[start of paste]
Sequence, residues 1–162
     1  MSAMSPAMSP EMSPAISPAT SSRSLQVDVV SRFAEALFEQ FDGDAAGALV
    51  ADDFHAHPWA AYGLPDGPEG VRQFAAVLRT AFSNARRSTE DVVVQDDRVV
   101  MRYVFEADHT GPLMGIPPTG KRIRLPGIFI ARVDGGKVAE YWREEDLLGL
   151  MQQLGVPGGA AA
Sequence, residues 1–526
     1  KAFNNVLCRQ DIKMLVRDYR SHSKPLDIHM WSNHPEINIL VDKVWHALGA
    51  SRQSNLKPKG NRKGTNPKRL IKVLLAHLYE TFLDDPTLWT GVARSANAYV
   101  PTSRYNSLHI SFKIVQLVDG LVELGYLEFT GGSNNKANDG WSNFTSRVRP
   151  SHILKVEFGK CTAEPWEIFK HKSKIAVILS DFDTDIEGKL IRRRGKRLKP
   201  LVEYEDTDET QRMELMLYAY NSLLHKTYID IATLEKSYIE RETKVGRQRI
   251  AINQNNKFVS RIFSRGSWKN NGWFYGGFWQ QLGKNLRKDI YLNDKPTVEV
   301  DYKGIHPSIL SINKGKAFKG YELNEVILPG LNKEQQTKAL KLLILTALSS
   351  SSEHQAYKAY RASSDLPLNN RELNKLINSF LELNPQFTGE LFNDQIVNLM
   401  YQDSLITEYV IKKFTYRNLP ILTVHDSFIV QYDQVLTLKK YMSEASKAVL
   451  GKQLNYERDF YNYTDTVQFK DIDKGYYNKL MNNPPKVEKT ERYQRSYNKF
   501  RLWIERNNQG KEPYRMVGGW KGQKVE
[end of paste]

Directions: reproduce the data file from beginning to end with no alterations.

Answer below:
Sequence, residues 1–162
     1  MSAMSPAMSP EMSPAISPAT SSRSLQVDVV SRFAEALFEQ FDGDAAGALV
    51  ADDFHAHPWA AYGLPDGPEG VRQFAAVLRT AFSNARRSTE DVVVQDDRVV
   101  MRYVFEADHT GPLMGIPPTG KRIRLPGIFI ARVDGGKVAE YWREEDLLGL
   151  MQQLGVPGGA AA
Sequence, residues 1–526
     1  KAFNNVLCRQ DIKMLVRDYR SHSKPLDIHM WSNHPEINIL VDKVWHALGA
    51  SRQSNLKPKG NRKGTNPKRL IKVLLAHLYE TFLDDPTLWT GVARSANAYV
   101  PTSRYNSLHI SFKIVQLVDG LVELGYLEFT GGSNNKANDG WSNFTSRVRP
   151  SHILKVEFGK CTAEPWEIFK HKSKIAVILS DFDTDIEGKL IRRRGKRLKP
   201  LVEYEDTDET QRMELMLYAY NSLLHKTYID IATLEKSYIE RETKVGRQRI
   251  AINQNNKFVS RIFSRGSWKN NGWFYGGFWQ QLGKNLRKDI YLNDKPTVEV
   301  DYKGIHPSIL SINKGKAFKG YELNEVILPG LNKEQQTKAL KLLILTALSS
   351  SSEHQAYKAY RASSDLPLNN RELNKLINSF LELNPQFTGE LFNDQIVNLM
   401  YQDSLITEYV IKKFTYRNLP ILTVHDSFIV QYDQVLTLKK YMSEASKAVL
   451  GKQLNYERDF YNYTDTVQFK DIDKGYYNKL MNNPPKVEKT ERYQRSYNKF
   501  RLWIERNNQG KEPYRMVGGW KGQKVE